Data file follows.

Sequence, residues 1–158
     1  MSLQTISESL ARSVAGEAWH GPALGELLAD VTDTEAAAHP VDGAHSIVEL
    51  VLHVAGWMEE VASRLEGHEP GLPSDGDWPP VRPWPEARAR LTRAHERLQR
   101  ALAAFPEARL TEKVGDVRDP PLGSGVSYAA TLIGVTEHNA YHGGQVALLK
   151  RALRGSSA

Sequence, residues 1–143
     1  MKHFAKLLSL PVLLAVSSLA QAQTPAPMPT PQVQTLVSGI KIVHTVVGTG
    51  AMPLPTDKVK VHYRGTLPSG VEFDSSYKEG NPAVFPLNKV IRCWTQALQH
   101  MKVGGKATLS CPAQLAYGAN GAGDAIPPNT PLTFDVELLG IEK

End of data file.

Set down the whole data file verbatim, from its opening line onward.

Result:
Sequence, residues 1–158
     1  MSLQTISESL ARSVAGEAWH GPALGELLAD VTDTEAAAHP VDGAHSIVEL
    51  VLHVAGWMEE VASRLEGHEP GLPSDGDWPP VRPWPEARAR LTRAHERLQR
   101  ALAAFPEARL TEKVGDVRDP PLGSGVSYAA TLIGVTEHNA YHGGQVALLK
   151  RALRGSSA

Sequence, residues 1–143
     1  MKHFAKLLSL PVLLAVSSLA QAQTPAPMPT PQVQTLVSGI KIVHTVVGTG
    51  AMPLPTDKVK VHYRGTLPSG VEFDSSYKEG NPAVFPLNKV IRCWTQALQH
   101  MKVGGKATLS CPAQLAYGAN GAGDAIPPNT PLTFDVELLG IEK